They were looking to see if the babies had any combination of a wide range of outcomes (a composite outcome), including:
- stillbirth and death
- a low Apgar score (a test of a baby's health at birth)
- bleeding in the brain
- the need for breathing support
- signs that the baby had breathed in some of its first poo (meconium)
They planned to recruit 10,038 pregnant women. Recruitment started in May 2016 but was halted in October 2018 when 2,762 women had been recruited.
Women were not included in the trial if they had a previous caesarean section or other uterine surgery, or health problems including diabetes, high blood pressure, or if their baby showed signs of abnormal development or was smaller than it should be.
What were the basic results?
The trial was stopped because there were 5 stillbirths in the expectant management group of 1,379 pregnancies and 1 baby died soon after birth. That meant 0.4% of the babies died in the expectant management group, which was statistically significant. There were no stillbirths or early neonatal deaths in the group of 1,381 pregnancies that were induced at 41 weeks.
The data showed no difference in the combined outcomes between groups, only in the individual complication of stillbirths and death. 2.4% of babies in the induction group and 2.2% of babies in the expectant management group had 1 or more of the serious newborn complication (including stillbirth and death). Among all the complications, a low Apgar score was most common, affecting 1.3% of the induction group and 1.2% of the expectant management group.
The researchers calculated that 230 pregnant women would need to have labour induced at 41 weeks to prevent 1 stillbirth.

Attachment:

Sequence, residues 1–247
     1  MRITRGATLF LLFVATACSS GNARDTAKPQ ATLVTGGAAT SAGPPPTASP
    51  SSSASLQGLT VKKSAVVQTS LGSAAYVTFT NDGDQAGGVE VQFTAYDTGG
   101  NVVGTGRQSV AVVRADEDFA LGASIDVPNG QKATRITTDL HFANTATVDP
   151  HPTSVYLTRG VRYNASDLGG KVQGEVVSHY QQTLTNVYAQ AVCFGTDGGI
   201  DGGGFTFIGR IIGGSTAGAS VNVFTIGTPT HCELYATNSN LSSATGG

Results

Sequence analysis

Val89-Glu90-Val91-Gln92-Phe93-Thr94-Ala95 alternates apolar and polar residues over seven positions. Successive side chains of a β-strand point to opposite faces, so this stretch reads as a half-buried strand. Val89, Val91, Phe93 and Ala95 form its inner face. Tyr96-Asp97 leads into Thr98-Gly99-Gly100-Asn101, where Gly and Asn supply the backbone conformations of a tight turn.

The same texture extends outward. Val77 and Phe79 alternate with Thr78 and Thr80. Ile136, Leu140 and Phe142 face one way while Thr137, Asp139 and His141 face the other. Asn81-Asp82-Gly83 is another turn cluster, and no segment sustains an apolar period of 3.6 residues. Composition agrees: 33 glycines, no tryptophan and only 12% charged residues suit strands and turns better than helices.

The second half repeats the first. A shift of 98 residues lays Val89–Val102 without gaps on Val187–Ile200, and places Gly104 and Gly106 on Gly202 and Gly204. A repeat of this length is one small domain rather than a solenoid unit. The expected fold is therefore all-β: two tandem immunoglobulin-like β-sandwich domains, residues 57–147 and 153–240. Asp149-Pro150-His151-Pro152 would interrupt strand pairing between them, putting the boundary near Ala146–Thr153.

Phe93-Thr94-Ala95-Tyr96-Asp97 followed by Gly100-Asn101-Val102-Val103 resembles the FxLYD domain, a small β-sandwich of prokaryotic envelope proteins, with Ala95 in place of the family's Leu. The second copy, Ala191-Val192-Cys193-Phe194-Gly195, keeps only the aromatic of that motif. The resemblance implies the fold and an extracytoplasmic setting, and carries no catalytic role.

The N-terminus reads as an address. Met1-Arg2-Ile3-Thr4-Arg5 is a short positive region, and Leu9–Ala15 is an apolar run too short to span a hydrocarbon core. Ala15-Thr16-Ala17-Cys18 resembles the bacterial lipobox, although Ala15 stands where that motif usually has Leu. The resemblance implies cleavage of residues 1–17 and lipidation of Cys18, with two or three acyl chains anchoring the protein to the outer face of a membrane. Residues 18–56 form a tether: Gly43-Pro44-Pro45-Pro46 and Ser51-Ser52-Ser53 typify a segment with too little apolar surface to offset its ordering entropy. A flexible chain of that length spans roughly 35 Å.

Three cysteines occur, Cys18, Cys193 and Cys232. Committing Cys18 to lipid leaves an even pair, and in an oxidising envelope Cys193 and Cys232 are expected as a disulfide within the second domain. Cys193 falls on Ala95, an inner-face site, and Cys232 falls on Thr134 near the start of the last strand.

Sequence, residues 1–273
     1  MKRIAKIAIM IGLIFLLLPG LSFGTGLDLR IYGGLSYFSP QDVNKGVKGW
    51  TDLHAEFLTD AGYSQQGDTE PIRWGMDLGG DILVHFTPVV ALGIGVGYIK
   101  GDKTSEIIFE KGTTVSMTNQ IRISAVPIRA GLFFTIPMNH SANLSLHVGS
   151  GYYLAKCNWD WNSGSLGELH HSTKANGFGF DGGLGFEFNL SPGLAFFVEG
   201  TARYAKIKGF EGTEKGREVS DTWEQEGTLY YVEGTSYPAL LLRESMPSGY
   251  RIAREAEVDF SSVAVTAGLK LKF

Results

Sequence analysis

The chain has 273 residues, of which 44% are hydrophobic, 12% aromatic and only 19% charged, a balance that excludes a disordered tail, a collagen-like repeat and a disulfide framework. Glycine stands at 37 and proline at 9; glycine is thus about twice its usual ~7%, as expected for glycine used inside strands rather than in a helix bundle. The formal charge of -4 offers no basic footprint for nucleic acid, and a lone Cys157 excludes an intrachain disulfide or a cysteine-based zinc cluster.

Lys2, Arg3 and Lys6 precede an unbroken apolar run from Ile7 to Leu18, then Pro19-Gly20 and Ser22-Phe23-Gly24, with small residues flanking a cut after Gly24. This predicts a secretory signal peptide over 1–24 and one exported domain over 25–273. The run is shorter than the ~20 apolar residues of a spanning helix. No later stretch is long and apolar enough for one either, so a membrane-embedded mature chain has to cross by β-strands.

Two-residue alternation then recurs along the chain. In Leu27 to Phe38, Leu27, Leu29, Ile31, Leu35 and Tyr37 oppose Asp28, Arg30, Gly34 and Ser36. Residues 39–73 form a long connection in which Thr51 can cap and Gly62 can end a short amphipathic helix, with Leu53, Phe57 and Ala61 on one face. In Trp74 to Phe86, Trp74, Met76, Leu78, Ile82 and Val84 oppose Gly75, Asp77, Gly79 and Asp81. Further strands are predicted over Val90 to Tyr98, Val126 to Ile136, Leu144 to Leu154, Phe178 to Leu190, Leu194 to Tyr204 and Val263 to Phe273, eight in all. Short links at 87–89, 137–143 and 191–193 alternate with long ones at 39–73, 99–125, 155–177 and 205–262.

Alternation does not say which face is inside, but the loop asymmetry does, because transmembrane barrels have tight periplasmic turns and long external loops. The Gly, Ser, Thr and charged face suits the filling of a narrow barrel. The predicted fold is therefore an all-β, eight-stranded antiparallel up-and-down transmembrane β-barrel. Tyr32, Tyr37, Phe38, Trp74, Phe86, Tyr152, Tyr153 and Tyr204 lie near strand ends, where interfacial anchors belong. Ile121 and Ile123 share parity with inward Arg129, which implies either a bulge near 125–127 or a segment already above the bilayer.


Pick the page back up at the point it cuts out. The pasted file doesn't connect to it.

How did the researchers interpret the results?
The researchers said: "Although these results should be interpreted cautiously, induction of labour ought to be offered to women no later than at 41 weeks and could be 1 (of a few) things that could be done to reduce the rate of stillbirths."
Fortunately the death of a baby is rare in the UK, but every death is a tragedy that causes huge heartbreak to a family. Similarly, serious newborn illness and the need for intensive care as a result of complications causes distress and can sometimes have a long-term impact for both the child and their family. Pregnant women reading this story may be worried by the headlines warning of the risks if a pregnancy goes beyond 41 weeks.
However, the study backs up current guidance to the NHS, which is that women who reach 41 weeks of pregnancy should be offered induction. This does not mean they have to accept the procedure. But, the results of the study confirm that women should be given the option of induction, and clear information about the benefits and risks.
It's not possible to draw certain conclusions from the study, because it was stopped early without recruiting the numbers of women it had intended to. Also, because many complications, such as stillbirths, are rare, it would be difficult to study enough women in order to obtain results that would provide reliable statistical evidence for every complication. That's why the researchers chose a combination of events as their main outcome. However, this may be some of the strongest evidence we can get. It would not be ethical to put the health of mothers and their babies at risk for the sake of research when the results for newborn deaths seem clear.
The researchers also point out that all cases of stillbirth and death happened in pregnancies where the woman had not given birth before. They suggest that this group of first-time mothers might need to be given "particular attention" if they reach 41 weeks of pregnancy.
Find out more about what happens when a pregnancy goes to 41 weeks.
Analysis by Bazian
Edited by NHS Website
Links to the headlines
Mail Online, 20 November 2019
The Sun, 21 November 2019
The Guardian, 20 November 2019
The Times, 21 November 2019
Links to the science
The BMJ. Published online 20 November 2019